9.05.2018

Carter Holt Harvey Limited v McAuley

Fixed Term Employment Agreements

Section 66 of the Employment Relations Act 2000 (“ERA”) allows an employer to employ an employee for a fixed term. There are, however, various prerequisites, set out briefly below.

An employee and an employer may agree that the employment of the employee will end either:

  • at the close of a specified date or period; or
  • on the occurrence of a specified event; or
  • at the conclusion of a specified project.

In addition, the employer must have genuine reasons based on reasonable grounds for specifying that the employment of the employee is to end in one of the above ways, and advise (it must be in writing in the employment agreement) the employee of when or how his or her employment will end and the reasons why.

Note that employers cannot use fixed term employment agreements to exclude or limit the rights of employees under the ERA or the Holidays Act 2003, nor to establish employees’ suitability for permanent employment.

The Facts as set out by the Authority

Carter Holt Harvey (“CHH”) had been considering restructuring its business and in March 2002 proposed a site wide restructuring proposal. Amongst the proposed changes was a plan to have production workers act as firefighters, with a reduction in the number of full time firefighters.

Mr McAuley was a professional firefighter. He entered into a fixed term agreement with CHH on 29 November 2002.

On 24 February 2003, CHH wrote to the Union advising that CHH was investigating contracting out the emergency services as part of the company’s continuing attempts to restructure emergency services.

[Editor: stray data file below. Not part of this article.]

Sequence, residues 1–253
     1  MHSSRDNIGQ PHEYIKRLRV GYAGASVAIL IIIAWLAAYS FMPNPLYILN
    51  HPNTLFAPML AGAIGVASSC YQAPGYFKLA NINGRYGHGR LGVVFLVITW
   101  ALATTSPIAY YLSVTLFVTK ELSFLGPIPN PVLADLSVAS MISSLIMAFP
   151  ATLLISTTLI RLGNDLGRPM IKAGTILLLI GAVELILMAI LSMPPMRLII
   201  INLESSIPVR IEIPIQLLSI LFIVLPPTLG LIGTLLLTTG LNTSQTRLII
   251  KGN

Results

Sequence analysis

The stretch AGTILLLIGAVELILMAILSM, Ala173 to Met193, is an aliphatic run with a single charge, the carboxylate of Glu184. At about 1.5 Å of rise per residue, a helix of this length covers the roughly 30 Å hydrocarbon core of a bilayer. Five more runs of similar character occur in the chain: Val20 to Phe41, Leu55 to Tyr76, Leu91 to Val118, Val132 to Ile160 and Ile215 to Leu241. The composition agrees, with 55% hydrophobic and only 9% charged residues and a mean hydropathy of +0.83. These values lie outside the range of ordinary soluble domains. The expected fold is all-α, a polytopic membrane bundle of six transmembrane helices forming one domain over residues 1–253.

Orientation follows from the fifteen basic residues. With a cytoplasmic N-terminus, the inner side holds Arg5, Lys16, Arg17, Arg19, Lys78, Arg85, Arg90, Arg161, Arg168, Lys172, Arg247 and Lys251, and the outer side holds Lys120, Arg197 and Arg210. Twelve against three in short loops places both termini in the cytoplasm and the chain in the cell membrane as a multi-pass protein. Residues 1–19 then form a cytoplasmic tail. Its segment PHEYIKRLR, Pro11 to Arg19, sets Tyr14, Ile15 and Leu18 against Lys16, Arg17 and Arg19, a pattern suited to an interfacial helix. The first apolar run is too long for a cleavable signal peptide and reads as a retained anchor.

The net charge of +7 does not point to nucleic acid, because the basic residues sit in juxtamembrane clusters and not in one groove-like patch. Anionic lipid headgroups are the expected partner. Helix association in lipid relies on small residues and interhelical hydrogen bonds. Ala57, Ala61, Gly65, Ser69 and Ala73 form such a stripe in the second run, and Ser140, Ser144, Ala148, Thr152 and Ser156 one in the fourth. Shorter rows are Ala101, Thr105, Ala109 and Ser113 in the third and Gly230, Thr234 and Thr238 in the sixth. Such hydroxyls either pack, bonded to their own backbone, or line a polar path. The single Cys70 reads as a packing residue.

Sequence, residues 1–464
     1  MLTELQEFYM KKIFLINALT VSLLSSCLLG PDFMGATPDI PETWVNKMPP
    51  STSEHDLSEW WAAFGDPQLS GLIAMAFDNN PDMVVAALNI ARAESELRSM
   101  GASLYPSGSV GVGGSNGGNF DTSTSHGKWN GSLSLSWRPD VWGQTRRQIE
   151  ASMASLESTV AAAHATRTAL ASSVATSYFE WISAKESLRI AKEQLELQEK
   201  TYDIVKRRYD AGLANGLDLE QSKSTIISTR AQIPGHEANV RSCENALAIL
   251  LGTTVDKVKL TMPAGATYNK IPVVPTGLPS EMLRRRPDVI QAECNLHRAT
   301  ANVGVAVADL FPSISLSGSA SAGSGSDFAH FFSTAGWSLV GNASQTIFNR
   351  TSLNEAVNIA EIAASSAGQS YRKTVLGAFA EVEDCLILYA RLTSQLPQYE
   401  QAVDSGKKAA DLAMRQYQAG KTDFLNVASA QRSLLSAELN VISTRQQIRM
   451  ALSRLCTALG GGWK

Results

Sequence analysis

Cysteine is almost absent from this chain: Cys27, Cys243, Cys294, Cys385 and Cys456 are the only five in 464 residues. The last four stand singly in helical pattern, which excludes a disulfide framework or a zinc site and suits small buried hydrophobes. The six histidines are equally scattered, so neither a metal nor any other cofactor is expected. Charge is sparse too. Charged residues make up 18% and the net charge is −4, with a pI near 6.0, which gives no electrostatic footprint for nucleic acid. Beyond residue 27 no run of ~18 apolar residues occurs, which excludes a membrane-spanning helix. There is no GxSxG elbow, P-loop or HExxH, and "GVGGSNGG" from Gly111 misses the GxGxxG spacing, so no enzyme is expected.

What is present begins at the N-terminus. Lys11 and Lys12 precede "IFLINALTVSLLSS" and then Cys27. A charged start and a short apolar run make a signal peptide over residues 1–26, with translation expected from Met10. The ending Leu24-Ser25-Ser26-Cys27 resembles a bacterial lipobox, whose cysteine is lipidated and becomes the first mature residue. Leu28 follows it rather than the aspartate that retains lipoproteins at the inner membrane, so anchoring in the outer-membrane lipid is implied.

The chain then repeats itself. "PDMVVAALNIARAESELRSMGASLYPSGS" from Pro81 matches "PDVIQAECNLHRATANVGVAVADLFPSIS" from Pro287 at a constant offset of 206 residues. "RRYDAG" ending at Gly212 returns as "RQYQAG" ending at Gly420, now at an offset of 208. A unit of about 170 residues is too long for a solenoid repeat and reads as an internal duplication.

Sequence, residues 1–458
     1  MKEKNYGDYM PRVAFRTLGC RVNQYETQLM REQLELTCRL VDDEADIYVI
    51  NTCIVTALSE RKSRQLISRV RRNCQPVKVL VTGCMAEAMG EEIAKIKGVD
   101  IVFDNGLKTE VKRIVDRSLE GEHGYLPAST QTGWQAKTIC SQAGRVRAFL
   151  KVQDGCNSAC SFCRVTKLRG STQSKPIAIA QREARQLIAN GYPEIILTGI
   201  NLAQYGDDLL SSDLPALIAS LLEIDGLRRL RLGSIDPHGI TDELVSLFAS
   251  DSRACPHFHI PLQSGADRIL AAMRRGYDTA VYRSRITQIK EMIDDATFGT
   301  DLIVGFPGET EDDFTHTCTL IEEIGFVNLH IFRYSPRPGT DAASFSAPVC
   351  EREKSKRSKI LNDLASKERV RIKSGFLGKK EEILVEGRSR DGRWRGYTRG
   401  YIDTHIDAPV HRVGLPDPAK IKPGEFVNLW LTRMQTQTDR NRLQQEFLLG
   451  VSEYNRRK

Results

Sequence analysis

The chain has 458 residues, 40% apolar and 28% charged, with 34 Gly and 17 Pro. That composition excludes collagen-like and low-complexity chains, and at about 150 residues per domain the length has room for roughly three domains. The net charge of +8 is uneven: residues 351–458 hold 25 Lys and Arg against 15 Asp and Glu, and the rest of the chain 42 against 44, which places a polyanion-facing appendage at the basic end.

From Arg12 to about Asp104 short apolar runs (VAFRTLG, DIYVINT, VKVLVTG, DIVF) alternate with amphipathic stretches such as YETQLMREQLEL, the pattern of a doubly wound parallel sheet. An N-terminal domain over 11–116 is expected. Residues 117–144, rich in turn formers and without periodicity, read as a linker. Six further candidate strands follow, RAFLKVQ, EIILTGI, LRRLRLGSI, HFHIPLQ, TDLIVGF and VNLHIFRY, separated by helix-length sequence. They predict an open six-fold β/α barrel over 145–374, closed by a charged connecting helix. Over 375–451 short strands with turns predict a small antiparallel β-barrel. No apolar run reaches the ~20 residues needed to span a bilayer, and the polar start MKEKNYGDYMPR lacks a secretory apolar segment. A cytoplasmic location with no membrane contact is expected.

Mr McAuley entered into a second fixed term agreement on 7 March 2003 to expire on 31 May 2003.

In May 2003 a new collective agreement was settled. CHH’s proposal to use production workers in fire fighting roles was an issue during collective bargaining, and an important aspect of the settlement was that CHH withdrew this proposal. Consequently there were no proposed redundancies of firefighters flowing from the redeployment of production staff.

On 18 June 2003, Mr McAuley was offered a third fixed term agreement, which provided that the agreement and Mr McAuley’s “temporary role” would cease on completion of the restructure, and that “implementation of the proposed changes will occur following 31 August 2003.”

Following 31 August 2003, Mr McAuley then entered into a fourth fixed term agreement, which differed from the previous ones in that there was no reference to a date, only to an event: “…fixed term Agreement commencing on 5 September 2003 and terminating on the event of the completion of the restructure.”

It was only in January 2005 that CHH advised the Union that there was a proposal for restructuring that could be put to the employees. Attempts were made to negotiate changes but these were unsuccessful. In February 2007 a letter was sent to staff regarding the commencement of consultation and on 14 December 2007, notices of termination were provided to staff.

The Determination